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J Biol Chem. 1997 May 2;272(18):12008-13.

Isolation and characterization of pleurocidin, an antimicrobial peptide in the skin secretions of winter flounder.

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  • 1Department of Anatomy, Cell Biology and Injury Sciences, UMDNJ-New Jersey Medical School and Graduate School of Biomedical Sciences, Newark, New Jersey 07103, USA.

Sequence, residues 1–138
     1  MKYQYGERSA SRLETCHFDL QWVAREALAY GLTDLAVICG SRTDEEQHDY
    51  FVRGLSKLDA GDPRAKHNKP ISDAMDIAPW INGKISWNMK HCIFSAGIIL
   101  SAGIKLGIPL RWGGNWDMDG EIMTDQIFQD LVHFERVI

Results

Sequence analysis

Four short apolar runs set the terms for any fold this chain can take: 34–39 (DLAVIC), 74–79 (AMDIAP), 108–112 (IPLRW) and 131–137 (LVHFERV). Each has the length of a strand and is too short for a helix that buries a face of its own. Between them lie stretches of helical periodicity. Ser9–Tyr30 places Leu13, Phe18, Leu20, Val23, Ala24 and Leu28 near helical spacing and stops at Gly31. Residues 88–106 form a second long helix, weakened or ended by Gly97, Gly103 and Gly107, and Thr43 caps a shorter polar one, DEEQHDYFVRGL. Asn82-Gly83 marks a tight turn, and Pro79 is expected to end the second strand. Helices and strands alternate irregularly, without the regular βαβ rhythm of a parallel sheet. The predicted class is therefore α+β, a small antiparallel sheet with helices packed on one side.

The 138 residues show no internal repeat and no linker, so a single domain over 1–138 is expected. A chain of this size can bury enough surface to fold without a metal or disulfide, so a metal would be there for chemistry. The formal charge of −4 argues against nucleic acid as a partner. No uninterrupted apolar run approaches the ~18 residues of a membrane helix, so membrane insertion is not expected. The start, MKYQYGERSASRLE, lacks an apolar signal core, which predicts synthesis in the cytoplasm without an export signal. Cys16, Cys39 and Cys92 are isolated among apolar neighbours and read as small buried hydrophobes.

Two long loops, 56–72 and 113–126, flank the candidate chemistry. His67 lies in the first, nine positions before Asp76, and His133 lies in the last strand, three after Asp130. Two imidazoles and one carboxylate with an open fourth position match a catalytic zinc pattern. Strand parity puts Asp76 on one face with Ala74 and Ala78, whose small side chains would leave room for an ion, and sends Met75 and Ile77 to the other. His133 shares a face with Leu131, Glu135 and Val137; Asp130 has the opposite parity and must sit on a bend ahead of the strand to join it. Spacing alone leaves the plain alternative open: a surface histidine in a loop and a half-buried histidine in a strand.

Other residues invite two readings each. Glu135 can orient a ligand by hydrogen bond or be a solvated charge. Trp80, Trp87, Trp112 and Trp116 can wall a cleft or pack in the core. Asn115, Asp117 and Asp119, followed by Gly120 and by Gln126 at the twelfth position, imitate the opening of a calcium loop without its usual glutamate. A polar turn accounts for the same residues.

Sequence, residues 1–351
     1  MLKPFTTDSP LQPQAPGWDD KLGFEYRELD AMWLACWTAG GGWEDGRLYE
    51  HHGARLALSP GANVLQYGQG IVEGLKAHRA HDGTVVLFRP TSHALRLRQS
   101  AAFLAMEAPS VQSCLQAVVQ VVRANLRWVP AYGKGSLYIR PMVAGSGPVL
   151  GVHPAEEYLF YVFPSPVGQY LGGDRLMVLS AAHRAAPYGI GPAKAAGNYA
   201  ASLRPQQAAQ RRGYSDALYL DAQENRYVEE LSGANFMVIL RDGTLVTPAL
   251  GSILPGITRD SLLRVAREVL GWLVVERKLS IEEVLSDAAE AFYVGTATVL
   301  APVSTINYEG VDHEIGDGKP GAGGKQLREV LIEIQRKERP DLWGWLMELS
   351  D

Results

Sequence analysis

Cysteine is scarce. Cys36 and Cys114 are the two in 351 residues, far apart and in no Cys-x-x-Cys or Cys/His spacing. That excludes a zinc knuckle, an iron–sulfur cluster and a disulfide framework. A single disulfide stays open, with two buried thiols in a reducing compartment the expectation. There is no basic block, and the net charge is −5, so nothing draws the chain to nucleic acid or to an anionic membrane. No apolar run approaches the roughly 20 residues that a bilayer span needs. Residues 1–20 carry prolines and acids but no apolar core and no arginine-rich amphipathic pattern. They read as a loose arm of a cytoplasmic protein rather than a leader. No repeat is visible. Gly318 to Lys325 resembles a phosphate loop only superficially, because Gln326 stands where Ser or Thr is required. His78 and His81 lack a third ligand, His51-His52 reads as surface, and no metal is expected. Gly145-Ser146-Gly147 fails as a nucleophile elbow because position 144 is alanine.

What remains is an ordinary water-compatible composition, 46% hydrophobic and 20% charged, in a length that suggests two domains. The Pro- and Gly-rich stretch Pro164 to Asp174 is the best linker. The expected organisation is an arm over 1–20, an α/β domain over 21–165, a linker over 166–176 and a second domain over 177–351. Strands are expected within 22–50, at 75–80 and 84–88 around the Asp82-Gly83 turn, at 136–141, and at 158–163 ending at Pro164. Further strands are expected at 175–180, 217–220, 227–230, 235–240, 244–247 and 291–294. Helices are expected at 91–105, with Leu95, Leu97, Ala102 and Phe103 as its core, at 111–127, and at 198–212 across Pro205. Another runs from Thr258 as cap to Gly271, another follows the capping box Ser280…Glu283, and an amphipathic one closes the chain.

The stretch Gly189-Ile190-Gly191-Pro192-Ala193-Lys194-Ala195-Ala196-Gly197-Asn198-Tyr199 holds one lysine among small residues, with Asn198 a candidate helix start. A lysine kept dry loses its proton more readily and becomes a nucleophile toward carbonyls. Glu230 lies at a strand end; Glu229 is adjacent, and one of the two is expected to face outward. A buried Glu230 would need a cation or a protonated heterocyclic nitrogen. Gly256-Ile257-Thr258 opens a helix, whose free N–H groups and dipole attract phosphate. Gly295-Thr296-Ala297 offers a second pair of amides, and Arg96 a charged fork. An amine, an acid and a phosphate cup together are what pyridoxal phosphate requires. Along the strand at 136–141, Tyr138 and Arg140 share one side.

Antimicrobial peptides are found in both myeloid cells and mucosal tissues of many vertebrates and invertebrates. These peptides are predicted to operate as a first-line host defense mechanism exerting broad-spectrum activity against pathogenic bacteria, fungi, parasites, and enveloped viruses. We report the characterization of a novel 25-residue linear antimicrobial peptide found in the skin mucous secretions of the winter flounder (Pleuronectes americanus). This peptide was purified through multiple chromatographic methods to obtain a single peak by reversed-phase high performance liquid chromatography. This purified peptide, which we named pleurocidin, exhibited antimicrobial activity against Escherichia coli in a bacterial cell lysis plate assay. Mass spectrometry and amino acid sequence analysis indicated that it is 25 amino acids in length. Pleurocidin is predicted to assume an amphipathic alpha-helical conformation similar to many other linear antimicrobial peptides. There is a high degree of homology between pleurocidin and two antimicrobial peptides, ceratotoxin from the Mediterranean fruit fly and dermaseptin from the skin of a hylid frog. The minimal inhibitory concentration and minimal bactericidal concentration of pleurocidin were determined against 11 different Gram-negative and Gram-positive bacteria. Immunohistochemistry locates pleurocidin in the epithelial mucous cells of flounder skin. Pleurocidin represents a novel antimicrobial peptide found in fish and may play a role in innate host defense.

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